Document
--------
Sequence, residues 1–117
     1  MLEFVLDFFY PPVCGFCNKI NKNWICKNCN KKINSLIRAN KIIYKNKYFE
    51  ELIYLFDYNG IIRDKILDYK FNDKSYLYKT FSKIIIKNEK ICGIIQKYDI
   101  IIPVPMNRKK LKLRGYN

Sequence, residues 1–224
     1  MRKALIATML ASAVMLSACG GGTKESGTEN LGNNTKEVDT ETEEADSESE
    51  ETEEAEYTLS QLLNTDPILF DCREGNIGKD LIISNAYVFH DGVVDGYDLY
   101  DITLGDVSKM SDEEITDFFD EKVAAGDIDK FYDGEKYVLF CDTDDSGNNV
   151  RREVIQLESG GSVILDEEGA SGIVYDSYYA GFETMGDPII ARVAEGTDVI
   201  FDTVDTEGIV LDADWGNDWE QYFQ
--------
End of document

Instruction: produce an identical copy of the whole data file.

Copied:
Sequence, residues 1–117
     1  MLEFVLDFFY PPVCGFCNKI NKNWICKNCN KKINSLIRAN KIIYKNKYFE
    51  ELIYLFDYNG IIRDKILDYK FNDKSYLYKT FSKIIIKNEK ICGIIQKYDI
   101  IIPVPMNRKK LKLRGYN

Sequence, residues 1–224
     1  MRKALIATML ASAVMLSACG GGTKESGTEN LGNNTKEVDT ETEEADSESE
    51  ETEEAEYTLS QLLNTDPILF DCREGNIGKD LIISNAYVFH DGVVDGYDLY
   101  DITLGDVSKM SDEEITDFFD EKVAAGDIDK FYDGEKYVLF CDTDDSGNNV
   151  RREVIQLESG GSVILDEEGA SGIVYDSYYA GFETMGDPII ARVAEGTDVI
   201  FDTVDTEGIV LDADWGNDWE QYFQ